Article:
is the subject matter of this month's key book--yet another from perennial top publisher O'Reilly (no, the Spy does not own shares, but at times like this....) This one is High Performance Web Sites--Essential Knowledge for Frontend Engineers, by long-time Yahoo engineer Steve Souders, and its target audience is the tailors of complex and potentially slow-loading web sites.

The book is organized around fourteen rules for decreasing the weight (and therefore the wait) of web sites. Some of the rules--reduce the number of HTTP requests/DNS lookups/redirects, use external scripts and stylesheets, employ compression, and cache frequently loaded pages (by using an expire header)---could have significant benefits for almost any web site's loading time. On the other hand employing content delivery systems to parallel HTTP requests is only applicable to large sites loading heavy content.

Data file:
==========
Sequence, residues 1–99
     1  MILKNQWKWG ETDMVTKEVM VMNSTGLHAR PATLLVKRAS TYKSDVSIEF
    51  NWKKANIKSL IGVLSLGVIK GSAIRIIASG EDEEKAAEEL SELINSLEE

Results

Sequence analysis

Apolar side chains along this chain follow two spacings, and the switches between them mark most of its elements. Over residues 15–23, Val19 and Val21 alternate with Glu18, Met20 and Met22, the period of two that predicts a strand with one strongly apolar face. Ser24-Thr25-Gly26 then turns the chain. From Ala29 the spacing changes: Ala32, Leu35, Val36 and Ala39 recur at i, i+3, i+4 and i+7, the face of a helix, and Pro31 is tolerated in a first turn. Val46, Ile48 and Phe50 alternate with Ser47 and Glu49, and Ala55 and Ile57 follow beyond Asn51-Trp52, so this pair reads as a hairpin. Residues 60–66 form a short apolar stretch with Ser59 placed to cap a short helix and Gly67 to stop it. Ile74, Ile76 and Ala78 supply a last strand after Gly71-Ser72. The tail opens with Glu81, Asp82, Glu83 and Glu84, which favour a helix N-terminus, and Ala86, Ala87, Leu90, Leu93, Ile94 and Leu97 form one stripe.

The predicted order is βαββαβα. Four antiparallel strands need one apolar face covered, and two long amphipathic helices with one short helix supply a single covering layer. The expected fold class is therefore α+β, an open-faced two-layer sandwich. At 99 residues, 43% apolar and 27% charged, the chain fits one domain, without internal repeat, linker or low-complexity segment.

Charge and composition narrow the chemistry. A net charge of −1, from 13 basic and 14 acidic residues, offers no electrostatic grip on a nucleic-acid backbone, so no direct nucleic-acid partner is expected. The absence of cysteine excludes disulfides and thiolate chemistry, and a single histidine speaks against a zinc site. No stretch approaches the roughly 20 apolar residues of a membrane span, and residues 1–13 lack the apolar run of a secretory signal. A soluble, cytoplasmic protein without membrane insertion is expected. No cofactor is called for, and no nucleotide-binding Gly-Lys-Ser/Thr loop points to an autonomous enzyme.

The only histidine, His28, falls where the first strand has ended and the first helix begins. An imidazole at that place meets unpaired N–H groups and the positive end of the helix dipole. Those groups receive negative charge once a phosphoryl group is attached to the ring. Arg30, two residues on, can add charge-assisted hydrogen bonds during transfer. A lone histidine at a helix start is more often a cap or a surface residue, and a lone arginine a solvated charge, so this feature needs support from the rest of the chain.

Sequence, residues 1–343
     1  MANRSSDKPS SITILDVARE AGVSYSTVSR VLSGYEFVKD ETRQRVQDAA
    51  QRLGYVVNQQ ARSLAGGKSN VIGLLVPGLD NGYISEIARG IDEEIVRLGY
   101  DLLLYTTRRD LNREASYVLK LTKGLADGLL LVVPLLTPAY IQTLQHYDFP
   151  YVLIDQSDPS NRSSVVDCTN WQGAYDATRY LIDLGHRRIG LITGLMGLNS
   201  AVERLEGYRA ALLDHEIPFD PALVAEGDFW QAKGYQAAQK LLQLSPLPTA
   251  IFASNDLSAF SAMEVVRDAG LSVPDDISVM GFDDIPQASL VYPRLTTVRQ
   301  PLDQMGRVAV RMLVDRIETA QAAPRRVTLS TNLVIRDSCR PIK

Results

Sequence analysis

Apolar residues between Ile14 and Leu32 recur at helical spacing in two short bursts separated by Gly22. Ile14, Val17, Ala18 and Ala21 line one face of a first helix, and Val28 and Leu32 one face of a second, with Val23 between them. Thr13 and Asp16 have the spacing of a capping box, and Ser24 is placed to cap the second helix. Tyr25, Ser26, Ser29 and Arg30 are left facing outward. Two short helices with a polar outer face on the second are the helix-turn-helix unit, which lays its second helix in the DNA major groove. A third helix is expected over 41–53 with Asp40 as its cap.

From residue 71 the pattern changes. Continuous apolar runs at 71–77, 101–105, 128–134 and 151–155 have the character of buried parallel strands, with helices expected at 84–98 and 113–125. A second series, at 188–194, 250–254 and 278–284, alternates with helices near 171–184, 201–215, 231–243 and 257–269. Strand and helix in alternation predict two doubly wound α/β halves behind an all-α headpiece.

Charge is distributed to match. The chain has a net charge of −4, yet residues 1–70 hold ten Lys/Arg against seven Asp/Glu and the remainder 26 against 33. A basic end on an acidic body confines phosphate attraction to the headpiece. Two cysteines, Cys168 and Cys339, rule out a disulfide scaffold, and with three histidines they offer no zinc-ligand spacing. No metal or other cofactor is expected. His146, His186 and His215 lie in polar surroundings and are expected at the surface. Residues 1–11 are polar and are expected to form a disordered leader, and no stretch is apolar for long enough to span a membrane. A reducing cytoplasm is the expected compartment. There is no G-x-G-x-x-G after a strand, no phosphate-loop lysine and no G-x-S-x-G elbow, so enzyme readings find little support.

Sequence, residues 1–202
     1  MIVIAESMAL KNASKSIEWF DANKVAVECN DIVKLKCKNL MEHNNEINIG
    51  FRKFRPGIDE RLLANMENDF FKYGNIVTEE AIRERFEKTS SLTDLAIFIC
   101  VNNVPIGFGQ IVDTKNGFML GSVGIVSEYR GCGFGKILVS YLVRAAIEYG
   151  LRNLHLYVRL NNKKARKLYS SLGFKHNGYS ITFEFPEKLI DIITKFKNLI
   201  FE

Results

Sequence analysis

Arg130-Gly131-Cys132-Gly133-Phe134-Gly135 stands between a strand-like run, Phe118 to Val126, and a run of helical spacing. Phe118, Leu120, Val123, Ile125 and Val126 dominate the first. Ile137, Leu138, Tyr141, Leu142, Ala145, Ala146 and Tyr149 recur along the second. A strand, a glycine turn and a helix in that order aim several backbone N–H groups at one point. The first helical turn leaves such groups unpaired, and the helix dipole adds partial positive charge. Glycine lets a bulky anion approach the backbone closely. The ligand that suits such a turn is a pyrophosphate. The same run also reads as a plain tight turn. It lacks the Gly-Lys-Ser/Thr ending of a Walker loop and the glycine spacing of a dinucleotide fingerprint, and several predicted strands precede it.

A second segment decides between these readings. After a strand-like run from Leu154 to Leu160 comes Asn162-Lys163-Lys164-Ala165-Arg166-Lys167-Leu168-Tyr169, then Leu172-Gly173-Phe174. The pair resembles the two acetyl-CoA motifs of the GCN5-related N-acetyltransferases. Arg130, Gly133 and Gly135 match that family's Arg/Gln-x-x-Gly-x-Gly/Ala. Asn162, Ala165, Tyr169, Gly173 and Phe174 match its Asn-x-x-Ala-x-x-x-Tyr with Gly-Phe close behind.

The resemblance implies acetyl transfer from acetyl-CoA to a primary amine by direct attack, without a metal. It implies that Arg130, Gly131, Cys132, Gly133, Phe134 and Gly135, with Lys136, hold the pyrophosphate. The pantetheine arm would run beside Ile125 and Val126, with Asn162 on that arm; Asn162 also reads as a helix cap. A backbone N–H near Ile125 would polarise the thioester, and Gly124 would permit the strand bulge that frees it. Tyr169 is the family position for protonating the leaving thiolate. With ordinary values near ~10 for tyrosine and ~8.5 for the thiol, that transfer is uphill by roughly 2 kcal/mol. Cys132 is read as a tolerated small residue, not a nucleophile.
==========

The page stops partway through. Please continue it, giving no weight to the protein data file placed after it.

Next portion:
Rules such as removing duplicate scripts are more along the line of debugging. Avoiding CSS expressions and configuring ETags constitute advice to the too-sophisticated who are trying things that don't work. Suggesting one put stylesheets at the top is either in this category or is preaching to the converted, as few do otherwise. By contrast, putting scripts at the bottom has mixed benefits--yes, scripts block other downloads, but many pages depend on script execution to render correctly, and they therefore belong at the top (i.e. Your kilometerage will vary on this one.) Finally, the practice of minifying or obfuscating scripts can certainly reduce load size and time, but it's only worth taking the trouble after the site code is rock stable and unlikely to be changed.